Pirates have long been portrayed as mysterious adventurers with questionable morals, but in reality, a pirate’s life was even more devious than any Hollywood movie or beloved children’s novel dares to tell. Lawlessness was pervasive on the open sea, but despite its darkness, there was a set of rules adhered to by even the most ruthless buccaneers: the Pirates’ Code.

A 17th-century pirate, Bartholomeus de Portugees, is believed to be behind the code’s origins. He also may have been the first pirate to be captured by a Spaniard ship, and escape using jugs of wine.

The Pirates’ Code was a series of pragmatic regulations that varied from ship to ship. As reported by The New Yorker in 2007, each ship was “governed by what amounted to simple constitutions that … laid out the rights and duties of crewmen, rules for the handling of disputes, and incentive and insurance payments. The code was eventually employed by some of the most famous pirates in history.

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Yet no pirate worth his salt would lack a legacy told in the form of a tall tale. For Bartholomeus, that tale is the 1904 adventure novel, “Sea-Wolves of Seven Shores,” in which author Jessie Frothingham describes a highly dramatized scene involving the Portuguese pirate’s daring escape from capture.

As the story goes, Bartholomeus and his crew were captured by a Spanish ship. Robbed of their own ship’s immense bounty, the Portuguese men’s fate was uncertain. That is, until a mighty storm forced the ship to calmer waters, leaving it off the Yucatan coast near the city of Campeche.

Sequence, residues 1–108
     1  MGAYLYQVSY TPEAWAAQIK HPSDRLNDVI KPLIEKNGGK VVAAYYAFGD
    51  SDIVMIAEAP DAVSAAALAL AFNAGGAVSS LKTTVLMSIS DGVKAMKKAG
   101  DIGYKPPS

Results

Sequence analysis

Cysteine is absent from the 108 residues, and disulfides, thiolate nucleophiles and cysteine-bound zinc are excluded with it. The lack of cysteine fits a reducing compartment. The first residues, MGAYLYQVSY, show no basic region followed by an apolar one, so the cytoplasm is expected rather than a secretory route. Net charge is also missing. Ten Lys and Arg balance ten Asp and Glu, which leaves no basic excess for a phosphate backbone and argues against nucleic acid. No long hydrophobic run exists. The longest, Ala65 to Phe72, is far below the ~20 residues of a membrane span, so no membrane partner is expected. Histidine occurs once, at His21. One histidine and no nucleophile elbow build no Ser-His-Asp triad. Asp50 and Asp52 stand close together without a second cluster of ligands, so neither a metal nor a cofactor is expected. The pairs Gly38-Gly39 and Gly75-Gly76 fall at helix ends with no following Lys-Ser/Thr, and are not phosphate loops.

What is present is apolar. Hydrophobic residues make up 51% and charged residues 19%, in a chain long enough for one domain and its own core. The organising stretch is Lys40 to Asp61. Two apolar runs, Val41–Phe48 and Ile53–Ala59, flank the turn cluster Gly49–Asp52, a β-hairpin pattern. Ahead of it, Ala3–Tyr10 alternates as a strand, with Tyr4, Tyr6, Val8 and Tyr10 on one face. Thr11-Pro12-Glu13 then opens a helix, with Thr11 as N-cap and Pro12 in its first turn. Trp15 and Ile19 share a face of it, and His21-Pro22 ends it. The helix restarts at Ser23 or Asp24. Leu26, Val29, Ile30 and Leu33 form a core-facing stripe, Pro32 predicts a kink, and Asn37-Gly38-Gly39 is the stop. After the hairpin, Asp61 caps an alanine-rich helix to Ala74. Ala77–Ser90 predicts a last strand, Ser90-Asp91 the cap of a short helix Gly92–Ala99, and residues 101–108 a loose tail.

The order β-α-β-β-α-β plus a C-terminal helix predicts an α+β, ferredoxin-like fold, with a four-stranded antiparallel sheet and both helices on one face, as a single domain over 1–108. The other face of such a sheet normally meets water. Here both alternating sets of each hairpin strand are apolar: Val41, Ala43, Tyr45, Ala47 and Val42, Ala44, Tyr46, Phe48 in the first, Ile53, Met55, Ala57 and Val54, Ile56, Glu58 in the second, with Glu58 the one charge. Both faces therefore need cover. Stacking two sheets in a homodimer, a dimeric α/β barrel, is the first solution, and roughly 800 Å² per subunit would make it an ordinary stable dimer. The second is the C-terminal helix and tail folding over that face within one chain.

By cruel fate, this was the very cite of one of Bartholomeus’s murderous rampages years prior. Its people welcomed the Spanish ship, but were determined to make Bartholomeus pay for his cruel deeds. And so, the dramatized Bartholomeus had to act fast.

“He found two large earthen jars such as are used by the Spaniards for transporting wine, and these he stopped very tight so that no water could leak in,” Frothingham writes. As night fell, Bartholomeus plunged a knife into the chest of a guard and threw the jars into the ocean. The telling continues: “Hanging on to his improvised life-preserver he managed to half drift and half swim … and succeeded in reaching the shore before daylight without being detected.”

Later in the story, washed ashore and trekking his way through the jungle, Bartholomeus encounters a band of pirates. Luckily, they are friends, not foes. He and his former comrades plot their revenge on the Spaniards. They sail off into the sunset, preparing for plundering — this time, one might imagine, with a deeper appreciation for Spanish wine.